6 Best Fruits for Psoriatic Arthritis

Add these delicious, fresh treats to your PsA-friendly diet this summer. They may help reduce joint swelling and pain.

Medically Reviewed
best summer fruits for psoriatic arthritis mango kiwi avocado
Fight inflammation with fruits like mango, kiwi, and avocado.Canva; Everyday Health

When you live with an autoimmune disease such as psoriatic arthritis (PsA), you are always looking for ways to help reduce inflammation and oxidative stress (an overabundance of free radicals that can damage fatty tissue, DNA, and proteins in your body). Part of the solution this summer may be no farther than your backyard, farmers market, or supermarket: juicy, refreshing fruits.

Fruits Can Be a Healthful PsA Resource

“Just keep in mind that fruits are in no way a replacement for medical treatment. However, they can be a delicious part of your overall therapy,” says Bonnie Taub-Dix, RDN, author of Read It Before You Eat It: Taking You From Label to Table.

Remember to Read Package Labels

If you’re buying canned, dried, or frozen fruits, read the labels to make sure there aren’t added sugars or sodium. “These can exacerbate your symptoms and make comorbidities like diabetes and cardiovascular disease worse,” warns Taub-Dix.

6 Fruits That May Help You Stay Healthy

1. Avocado

Avocado is a good source of vitamin C and vitamin E — the latter is not found in a lot of other fruits. These vitamins have an anti-inflammatory effect, which means eating avocados may help decrease joint pain.

Try It Make guacamole, of course, or use avocado as a veggie burger topping. Taub-Dix also substitutes mashed ripe avocados for butter or oil in muffins, using a 1:1 ratio. “That can help decrease saturated fat intake, which is great for some PsA comorbidities such as heart disease,” she explains.

2. Cherries

Cherries — both sweet and tart — have polyphenols (plant-based compounds) and vitamin C, both of which have anti-inflammatory and antioxidant properties, notes a review published in Nutrients in 2018.Studies have also shown that cherries may help improve the quality of your sleep. If you have PsA, you may be uncomfortable and/or in pain that can disrupt restorative sleep. Cherries can perhaps help with that,” says Taub-Dix.

Try It Cherries are so naturally sweet that if you use them for a cobbler, you don’t even have to add any sugar. (Some canned varieties do have extra sugar and sodium, so watch out for that.) Or serve them frozen for dessert.

RELATED: 16 to Foods to Eat or Avoid If You Have Psoriatic Arthritis

3. Berries

Berries are loaded with polyphenols such as anthocyanins, which produces their red, blue and purple colors; quercetin; and various types of phenolic acids that reduce inflammation, according to a review published in Food and Function in 2018. “They are also high in vitamin C, which is important for collagen building in skin and bones,” says Taub-Dix, adding that just eight strawberries have as much vitamin C as an entire orange.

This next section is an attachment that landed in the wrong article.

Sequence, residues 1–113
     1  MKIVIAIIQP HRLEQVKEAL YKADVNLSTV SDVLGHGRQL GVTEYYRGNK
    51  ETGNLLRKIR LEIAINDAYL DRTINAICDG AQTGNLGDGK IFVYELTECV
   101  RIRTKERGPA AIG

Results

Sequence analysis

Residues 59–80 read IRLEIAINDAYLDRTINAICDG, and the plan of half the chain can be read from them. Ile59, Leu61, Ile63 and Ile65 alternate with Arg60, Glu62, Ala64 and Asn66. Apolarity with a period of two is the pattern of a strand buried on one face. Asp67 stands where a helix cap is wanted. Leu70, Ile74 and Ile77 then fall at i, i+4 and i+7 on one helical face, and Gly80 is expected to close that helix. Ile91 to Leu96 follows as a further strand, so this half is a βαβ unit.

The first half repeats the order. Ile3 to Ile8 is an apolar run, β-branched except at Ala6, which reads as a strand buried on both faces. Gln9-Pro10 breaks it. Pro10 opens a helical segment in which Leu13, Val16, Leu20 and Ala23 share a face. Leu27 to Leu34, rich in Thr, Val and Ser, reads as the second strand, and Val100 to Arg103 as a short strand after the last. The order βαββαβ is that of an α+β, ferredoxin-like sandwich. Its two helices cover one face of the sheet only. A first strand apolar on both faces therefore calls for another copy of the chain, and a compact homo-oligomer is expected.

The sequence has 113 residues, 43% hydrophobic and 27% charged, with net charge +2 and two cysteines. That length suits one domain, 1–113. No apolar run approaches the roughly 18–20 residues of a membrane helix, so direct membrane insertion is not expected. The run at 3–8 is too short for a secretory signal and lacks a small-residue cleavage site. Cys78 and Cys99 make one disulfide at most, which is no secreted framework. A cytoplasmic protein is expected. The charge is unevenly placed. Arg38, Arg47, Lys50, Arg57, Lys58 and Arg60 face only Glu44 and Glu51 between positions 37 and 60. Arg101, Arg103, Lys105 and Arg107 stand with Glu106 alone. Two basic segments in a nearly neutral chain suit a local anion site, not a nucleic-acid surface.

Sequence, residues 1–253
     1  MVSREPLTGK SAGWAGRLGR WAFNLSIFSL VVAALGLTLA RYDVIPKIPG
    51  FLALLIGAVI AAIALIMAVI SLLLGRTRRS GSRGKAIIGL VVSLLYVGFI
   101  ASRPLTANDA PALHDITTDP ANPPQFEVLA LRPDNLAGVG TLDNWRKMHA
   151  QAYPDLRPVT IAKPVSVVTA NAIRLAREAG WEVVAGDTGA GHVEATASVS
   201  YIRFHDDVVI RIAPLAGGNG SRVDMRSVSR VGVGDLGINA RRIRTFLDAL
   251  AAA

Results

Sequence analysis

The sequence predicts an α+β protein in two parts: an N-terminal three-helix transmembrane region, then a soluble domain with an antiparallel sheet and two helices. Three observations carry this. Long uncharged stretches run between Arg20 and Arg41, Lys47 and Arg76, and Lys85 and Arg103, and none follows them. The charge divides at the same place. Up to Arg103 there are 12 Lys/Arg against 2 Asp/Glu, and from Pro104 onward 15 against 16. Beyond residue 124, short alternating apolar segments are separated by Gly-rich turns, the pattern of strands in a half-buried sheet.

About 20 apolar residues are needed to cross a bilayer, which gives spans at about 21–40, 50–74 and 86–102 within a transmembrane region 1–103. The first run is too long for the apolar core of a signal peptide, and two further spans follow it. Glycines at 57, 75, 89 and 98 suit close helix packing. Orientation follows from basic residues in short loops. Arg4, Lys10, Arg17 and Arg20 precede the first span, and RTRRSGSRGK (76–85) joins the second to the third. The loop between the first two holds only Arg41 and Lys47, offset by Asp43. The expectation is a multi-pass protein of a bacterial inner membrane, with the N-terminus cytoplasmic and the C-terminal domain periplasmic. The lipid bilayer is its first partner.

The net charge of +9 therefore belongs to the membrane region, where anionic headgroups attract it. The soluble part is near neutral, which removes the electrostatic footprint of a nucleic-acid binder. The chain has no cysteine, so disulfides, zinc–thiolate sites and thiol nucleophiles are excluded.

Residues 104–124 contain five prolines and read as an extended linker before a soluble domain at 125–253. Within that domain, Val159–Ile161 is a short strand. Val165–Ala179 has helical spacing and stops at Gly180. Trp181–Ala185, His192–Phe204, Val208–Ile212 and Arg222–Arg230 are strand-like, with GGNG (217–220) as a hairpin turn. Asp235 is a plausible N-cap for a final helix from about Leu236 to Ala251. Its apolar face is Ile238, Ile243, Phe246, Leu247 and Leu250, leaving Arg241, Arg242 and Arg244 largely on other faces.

Try It Cut them up and put them into a jug of water in your refrigerator. As you drink water throughout the course of the day, you’ll get the bonus of the berries’ taste and nutrients. Or throw them on a spinach salad with mandarin oranges and walnuts.

4. Pineapple

A traditional symbol of welcome, this hydrating fruit is loaded with vitamin C, as well as manganese, which helps maintain bone health. Pineapples are also a good source of the enzyme bromelain, which helps reduce inflammation and pain while also boosting the immune system. An added bonus: Pineapples may aid in digestion.

Try It Grill pineapple-chicken-cherry tomato kabobs with a little olive oil. Hollow out the pineapple and use the shell as a bowl for a fruit salad. Or core it from the top and use the shell to hold a pineapple fruit smoothie.

5. Mango

Mango contains vitamin C, polyphenols, and carotenoids, which can help reduce inflammation and protect against bone destruction, says Taub-Dix.

Try It This is another fruit that’s yummy when grilled. You can also cut it up and add it to cottage cheese or yogurt. Taub-Dix likes to put a slice in a hot cup of herbal tea. “It naturally sweetens your tea. When you’re done with your tea, you have this warm mango to eat. So good.”

6. Kiwi

This fuzzy fruit is high in vitamin C and antioxidants, which stimulate the immune system. It also contains a healthy dose of dietary fiber, which may reduce the risk of heart disease, a common comorbidity of PsA.

Try It Peel and slice it, then put it on top of a kale salad. Make kiwi chips: Slice thinly (it’s up to you whether you want it peeled or not), place on a baking tray, and bake at the lowest temperature for around 4 to 6 hours.